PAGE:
Our thinking

The economic rationale for gender parity

Less about #metoo, more about the economics

Gender parity - of pay as well as opportunity - has inevitably continued to dominate debates. It sits squarely within the overarching Davos agenda of governance and equality and was one of the priorities discussed by Justin Trudeau and Angela Merkel when they met yesterday.

The starting point for many has been increased data demonstrating the economic rationale for gender equality. Citi's Chief Global Political Analyst Tina Fordham spoke compellingly of their research suggesting pursuing gender changes and policies could boost GDP by 6%, with "women as global growth drivers".

Investors, activist shareholders from millennial funds and some pensions are increasingly demanding greater visibility on how companies are responding to the issue. That context has directed discussion towards the levers required to raise female labour force participation and remove structural or behavioral barriers (not least when evidence suggests women currently undertake three times more unpaid care work than men).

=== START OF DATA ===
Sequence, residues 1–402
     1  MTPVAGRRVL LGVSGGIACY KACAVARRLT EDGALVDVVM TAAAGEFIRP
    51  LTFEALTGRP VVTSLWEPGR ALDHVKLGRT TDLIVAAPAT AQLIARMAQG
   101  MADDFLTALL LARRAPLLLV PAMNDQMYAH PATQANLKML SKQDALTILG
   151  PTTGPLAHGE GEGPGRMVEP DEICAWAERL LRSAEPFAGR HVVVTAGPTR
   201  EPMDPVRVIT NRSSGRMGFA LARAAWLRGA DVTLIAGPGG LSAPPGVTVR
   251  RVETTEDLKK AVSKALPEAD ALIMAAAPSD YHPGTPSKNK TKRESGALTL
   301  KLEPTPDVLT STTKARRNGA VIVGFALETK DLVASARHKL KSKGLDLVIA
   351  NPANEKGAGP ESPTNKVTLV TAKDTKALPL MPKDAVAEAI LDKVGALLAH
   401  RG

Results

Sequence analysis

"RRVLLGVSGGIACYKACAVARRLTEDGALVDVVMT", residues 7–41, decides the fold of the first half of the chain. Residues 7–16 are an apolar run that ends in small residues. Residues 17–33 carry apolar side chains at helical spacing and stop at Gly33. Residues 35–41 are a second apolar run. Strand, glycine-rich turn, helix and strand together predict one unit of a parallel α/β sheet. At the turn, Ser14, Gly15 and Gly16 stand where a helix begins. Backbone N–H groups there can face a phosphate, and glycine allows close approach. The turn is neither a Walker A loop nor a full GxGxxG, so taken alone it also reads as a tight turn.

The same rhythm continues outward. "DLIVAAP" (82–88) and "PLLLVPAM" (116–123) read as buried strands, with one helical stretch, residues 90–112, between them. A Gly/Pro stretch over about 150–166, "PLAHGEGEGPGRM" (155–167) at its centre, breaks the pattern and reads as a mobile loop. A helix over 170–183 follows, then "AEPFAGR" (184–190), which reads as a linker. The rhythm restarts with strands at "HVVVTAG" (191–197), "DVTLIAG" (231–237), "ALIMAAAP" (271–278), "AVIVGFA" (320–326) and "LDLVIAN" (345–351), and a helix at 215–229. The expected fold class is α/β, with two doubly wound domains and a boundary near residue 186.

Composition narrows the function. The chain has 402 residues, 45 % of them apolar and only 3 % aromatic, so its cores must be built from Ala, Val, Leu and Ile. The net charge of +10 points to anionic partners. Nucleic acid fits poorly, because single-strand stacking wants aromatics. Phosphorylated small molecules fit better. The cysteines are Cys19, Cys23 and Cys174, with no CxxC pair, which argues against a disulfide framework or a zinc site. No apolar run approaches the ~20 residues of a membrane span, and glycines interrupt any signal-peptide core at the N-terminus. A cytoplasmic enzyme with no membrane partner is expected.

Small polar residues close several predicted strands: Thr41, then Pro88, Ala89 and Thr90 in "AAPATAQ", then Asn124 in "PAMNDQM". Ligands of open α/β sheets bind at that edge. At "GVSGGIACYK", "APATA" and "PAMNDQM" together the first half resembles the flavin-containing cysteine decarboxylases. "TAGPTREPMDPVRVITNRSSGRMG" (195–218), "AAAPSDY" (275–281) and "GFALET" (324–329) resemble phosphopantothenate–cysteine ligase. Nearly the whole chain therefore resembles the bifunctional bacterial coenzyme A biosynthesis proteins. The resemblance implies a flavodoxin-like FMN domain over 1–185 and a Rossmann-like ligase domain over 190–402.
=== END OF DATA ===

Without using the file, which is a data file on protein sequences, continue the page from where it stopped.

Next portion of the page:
Three main levers emerge:

1) Policy changes, including government-led initiatives around subsidized child care and transport, with Sweden cited as the best example

2) Changes to corporate policies on training, leadership and mentoring - the latter now being considered less practical than sponsoring of colleagues. "This is a strategic issue not a diversity and inclusion issue" was the view, with IKEA an example of a company shaping the changes - adapting its policies on paternity leave - and Adecco shifting to shorter more productive days.

3) Education, and its failure to keep up with the shifting global economic and social agenda, was a thread throughout. "No job in five years won't involve an element of how tech works" was one view, with fundamental shifts in core skills for all genders now required.

Where does #metoo fit within this? One panel questioned whether it was actually hampering employment prospects for women, seen as high risk employees - a theme picked up in today's WSJ. However, overwhelmingly, the sense is that, despite continuing examples to the contrary, a tide really has shifted in terms of mindset - but that the practical changes will take a lot longer to come through.